This is environmental racism. When a community has a high incidence of environment-related health problems, government negligence is a form of violence. Lead poisoning can result in long-term neurological damage and other health problems. When black and brown children have a higher risk of exposure to lead and other environmental contaminants in their homes, schools, and playgrounds, there can never be a “level playing field.”

Could this happen in Syracuse?

The city of Syracuse was mandated to replace 7% of lead service pipes annually until water quality met federal standards in 2006 and 2007. Without widespread local reports of contaminated water here in Syracuse, one might assume the city water quality is under control. Syracuse is fortunate to have as a primary water source Skaneateles Lake, one of the few clean water sources in the country. However, the city’s water quality reports provide no real data regarding current levels of lead in our drinking water. While images from Flint of brownish-yellow tap water made their contamination visible, it is important to remember that lead is actually invisible and odorless in water, and can go undetected by residents.

NYS Department of Health data show higher-than-average levels of lead in children living in neighborhoods with greater poverty and a greater proportion of residents of color. A map of these neighborhoods shows overlap with a map of tenant-based rental assistance in Syracuse, especially around the Near Westside and Southside. All of this seems to confirm what is commonly suspected: low-income and communities of color are at higher risk of exposure to lead and other environmental dangers.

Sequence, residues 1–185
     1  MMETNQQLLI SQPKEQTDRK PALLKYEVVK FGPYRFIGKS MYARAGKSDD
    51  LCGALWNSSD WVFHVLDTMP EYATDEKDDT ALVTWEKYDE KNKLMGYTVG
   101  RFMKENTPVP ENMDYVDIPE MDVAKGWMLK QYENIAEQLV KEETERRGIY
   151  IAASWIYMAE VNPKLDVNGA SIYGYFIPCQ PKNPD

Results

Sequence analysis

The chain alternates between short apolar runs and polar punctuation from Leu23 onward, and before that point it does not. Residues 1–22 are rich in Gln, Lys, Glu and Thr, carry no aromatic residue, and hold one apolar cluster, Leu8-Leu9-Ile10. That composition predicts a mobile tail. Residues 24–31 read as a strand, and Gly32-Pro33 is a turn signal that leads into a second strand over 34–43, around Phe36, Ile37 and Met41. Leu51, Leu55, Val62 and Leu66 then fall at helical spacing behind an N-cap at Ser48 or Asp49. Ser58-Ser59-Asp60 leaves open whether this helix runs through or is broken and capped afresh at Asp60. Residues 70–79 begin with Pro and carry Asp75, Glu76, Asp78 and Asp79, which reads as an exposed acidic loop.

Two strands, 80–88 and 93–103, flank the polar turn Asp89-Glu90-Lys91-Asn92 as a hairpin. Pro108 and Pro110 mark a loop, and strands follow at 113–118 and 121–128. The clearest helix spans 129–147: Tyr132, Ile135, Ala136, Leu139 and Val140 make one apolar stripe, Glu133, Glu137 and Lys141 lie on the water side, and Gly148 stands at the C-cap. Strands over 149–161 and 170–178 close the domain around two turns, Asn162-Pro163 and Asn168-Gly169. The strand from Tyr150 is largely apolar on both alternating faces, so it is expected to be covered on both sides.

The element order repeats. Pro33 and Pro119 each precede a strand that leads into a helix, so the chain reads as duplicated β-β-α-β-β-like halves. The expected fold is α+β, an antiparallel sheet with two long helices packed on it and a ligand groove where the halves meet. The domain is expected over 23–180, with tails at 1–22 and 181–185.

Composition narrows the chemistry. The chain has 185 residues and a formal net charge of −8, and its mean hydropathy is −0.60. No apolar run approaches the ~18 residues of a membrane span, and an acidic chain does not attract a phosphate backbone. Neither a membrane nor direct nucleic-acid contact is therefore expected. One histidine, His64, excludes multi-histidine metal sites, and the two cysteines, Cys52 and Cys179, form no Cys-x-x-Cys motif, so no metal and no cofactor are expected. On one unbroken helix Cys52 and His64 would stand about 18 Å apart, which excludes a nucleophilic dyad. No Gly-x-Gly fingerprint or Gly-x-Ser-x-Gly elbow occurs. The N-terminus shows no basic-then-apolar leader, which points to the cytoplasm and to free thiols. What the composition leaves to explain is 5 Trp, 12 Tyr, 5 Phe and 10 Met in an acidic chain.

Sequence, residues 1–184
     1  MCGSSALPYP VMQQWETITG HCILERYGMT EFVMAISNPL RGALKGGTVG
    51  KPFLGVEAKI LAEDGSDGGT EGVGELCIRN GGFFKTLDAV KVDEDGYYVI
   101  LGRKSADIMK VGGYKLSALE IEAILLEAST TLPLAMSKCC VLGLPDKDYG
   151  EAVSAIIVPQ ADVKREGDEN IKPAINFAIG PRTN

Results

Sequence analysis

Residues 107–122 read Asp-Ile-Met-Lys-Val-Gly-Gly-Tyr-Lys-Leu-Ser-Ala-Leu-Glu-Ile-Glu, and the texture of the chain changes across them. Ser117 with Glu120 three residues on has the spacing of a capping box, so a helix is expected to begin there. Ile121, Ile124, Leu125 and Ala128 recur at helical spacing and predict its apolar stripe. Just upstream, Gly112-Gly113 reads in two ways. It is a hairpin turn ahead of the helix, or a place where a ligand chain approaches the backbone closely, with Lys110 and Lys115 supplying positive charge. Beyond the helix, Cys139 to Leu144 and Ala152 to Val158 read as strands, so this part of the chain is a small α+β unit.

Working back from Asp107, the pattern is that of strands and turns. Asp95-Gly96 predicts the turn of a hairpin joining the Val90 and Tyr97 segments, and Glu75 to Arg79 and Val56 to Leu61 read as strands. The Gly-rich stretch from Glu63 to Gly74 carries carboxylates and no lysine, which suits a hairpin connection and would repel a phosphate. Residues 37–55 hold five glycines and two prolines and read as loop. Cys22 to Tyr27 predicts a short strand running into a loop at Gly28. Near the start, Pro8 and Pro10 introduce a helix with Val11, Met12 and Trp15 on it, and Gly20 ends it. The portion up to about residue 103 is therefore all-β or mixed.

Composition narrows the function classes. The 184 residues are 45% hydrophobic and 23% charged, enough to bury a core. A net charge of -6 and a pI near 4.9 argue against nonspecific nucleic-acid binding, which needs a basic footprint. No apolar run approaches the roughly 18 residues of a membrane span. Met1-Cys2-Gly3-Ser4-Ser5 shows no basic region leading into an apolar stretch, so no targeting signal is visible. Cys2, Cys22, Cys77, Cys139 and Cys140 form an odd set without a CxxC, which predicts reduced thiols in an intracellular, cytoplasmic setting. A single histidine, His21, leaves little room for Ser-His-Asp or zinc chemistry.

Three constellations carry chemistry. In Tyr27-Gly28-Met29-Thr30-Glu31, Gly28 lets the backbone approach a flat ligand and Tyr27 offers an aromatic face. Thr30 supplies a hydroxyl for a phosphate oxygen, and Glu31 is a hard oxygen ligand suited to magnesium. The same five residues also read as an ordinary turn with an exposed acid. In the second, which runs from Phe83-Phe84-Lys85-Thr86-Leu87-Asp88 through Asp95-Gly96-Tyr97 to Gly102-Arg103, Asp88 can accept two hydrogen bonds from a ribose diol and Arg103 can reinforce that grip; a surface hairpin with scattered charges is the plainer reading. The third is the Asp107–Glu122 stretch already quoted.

Infrastructure improvements are neglected in neighborhoods away from business districts or downtown city centers. Old service pipes are less likely to be replaced in those neighborhoods, and absentee landlords often leave in place aging lead pipes and solder.

Syracuse is not Flint; we have not seen the specific and unique circumstances which led to Flint’s public health disaster. In Flint, the crisis is a result of emergency managers, feigned ignorance, budgetary excuses, and insufficient regulations, all of which were deemed “acceptable” because the constituents are not white or wealthy. In Syracuse, we’ve seen politicians cozy with developers; commercial development prioritized over community needs; poor engineering of sewage treatment plants (ultimately defeated by community resistance); and we could see a shift in political power towards the whiter, wealthier suburbs with the proposed municipal consolidation.

Elites claim that austerity measures are necessary and that deregulation is needed to promote economic development and create jobs. The harms resulting from these policies are presented as a shared sacrifice, but that is a lie. These harms are not distributed evenly among all communities. In Syracuse, as in Flint or anywhere in the capitalist world, communities with less power bear the brunt of any environmental damage and subsequent threats to health. Far from addressing poverty and racism, decisions that compromise health protections exacerbate economic and racial injustices. i

Richard Vallejo is a Peace Council member and has previously been involved with the Partnership for Onondaga Creek in efforts seeking environmental justice.

Brian Escobar is an organizer with the Syracuse Peace Council and Syracuse for Sanders.